I didn’t know that much about Denmark before I arrived here. I still don’t know that much, but as a belated intro to my life here in Copenhagen, I’ll share what little knowledge I do have.
Firstly and most importantly: recent studies have rated Denmark as the happiest country in the world. Maybe everybody’s so happy because they all know each other – this country has the general size and population of Maryland. And it has a queen. Which is pretty cool. Some DIS students went to the Royal Ballet last week and she was there, so the dancers bowed twice – first to the queen and then to the audience.
Happiness doesn’t necessarily translate to friendliness though, because (unlike Wofford) people don’t greet each other on the street or even say “excuse me” when they bustle by and knock your shoulder. The word for ‘please’ doesn’t exist in the Danish language. There are polite ways to order food and ask for favors, but the Danes simply don’t use one of the two magic words. Not to say that Danes aren’t nice – I’ve found that, overall, they’re a rather welcoming and fun group.
I’ve heard that these behaviors stem from the Protestant, socialist core of Danish society – which, above all, favors equality and rejects any form of hierarchy. Including calling bosses/professors/the queen/the janitor by anything else but their first name. (*don’t say ma’am don’t say ma’am don’t say ma’am don’t say ma’am*)
I’ve also been told that it’s hard to become Danish citizen, mostly because the benefits are so great (or not, I guess, depending on how you look at it). Citizens pay 60%ish of their income to the government. That chunck of change is counterbalanced by some serious government programs – including “free” health care and a fully funded education, even at the university level. I don’t know enough about the system yet to comment on its worth/success/efficiency, but I do think it’s more complex than it sounds. As a quick example: abortions are legal and therefore funded by taxpayer money. Food for thought.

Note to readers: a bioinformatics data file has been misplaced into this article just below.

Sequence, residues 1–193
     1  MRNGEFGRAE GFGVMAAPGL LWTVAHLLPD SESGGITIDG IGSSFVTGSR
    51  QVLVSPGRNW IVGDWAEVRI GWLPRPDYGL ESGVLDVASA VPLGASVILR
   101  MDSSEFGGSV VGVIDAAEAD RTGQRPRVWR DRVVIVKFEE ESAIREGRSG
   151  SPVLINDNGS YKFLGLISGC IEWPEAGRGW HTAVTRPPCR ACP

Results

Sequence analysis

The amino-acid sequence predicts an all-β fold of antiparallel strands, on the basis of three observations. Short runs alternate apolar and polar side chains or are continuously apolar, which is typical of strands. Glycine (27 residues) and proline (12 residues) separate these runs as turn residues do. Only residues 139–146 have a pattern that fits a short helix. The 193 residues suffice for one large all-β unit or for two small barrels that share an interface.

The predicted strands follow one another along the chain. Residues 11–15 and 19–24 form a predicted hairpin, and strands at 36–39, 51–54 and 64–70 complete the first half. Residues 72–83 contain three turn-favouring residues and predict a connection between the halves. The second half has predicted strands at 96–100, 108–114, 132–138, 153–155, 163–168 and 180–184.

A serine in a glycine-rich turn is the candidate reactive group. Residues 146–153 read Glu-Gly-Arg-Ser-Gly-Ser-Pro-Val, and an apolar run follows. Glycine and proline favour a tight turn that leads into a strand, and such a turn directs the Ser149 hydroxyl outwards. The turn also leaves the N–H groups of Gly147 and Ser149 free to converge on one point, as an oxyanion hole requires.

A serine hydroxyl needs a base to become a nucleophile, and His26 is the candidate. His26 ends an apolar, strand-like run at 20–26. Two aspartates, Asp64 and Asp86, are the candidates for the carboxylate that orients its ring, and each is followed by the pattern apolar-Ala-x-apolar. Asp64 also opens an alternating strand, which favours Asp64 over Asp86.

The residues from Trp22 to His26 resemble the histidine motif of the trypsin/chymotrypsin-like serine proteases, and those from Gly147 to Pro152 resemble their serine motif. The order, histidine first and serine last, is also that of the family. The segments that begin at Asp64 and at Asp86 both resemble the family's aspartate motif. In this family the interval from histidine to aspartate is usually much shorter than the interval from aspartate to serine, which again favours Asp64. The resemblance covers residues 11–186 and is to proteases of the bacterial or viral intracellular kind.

In Denmark, there exists such a thing as “The Extremely Intense Hour Of The Copenhagen Bike Lane During Which No American Should Attempt to Bike”, commonly referred to as rush hour. The streets of this city are positively brimming with bikes. There might be more bikes than people. In fact, there might be more bikes than people and dogs and pigeons combined.
(^^No, that’s probably not true, but still.)
Denmark, called the Hat of Europe by its friends, is exclusively populated by blonde, blue-eyed people. That’s not racist. That’s an actual scientific fact. The Danes are planners, by nature, and are rumored to be born with an agenda book in one hand and a clock in the other. (Unlike the Spaniards, who just get me and the whole 15-minute-grace-window thing.)
Very Danish foods include meatballs, open-faced fancy sandwiches, hot dogs, and elder blossom juice. The aforementioned food is most expensive where I live: in Center City, the very heart of Denmark’s capital. Interestingly, Copenhagen was planned using a “finger method”. If you flip your right hand over, and hold it palm up, you’ve got the city [in the palm of your hand!!]. I live at the base of the palm – where the thumb bone meets the wrist bone (ahhhh haven’t taken anatomy).
SO. Anyway. I hope that was helpful description of Copenhagen. It’s very different from Granada, and I’m still learning the ins and outs of life in the city. I get a little less lost now that I’ve been here for a month (AHHHHHHH how has it been a month?!). But there’s still work to do – I’m drumming up the courage to order food in Danish, and I’m on the prowl for a run-in with the queen. I’ll keep you posted.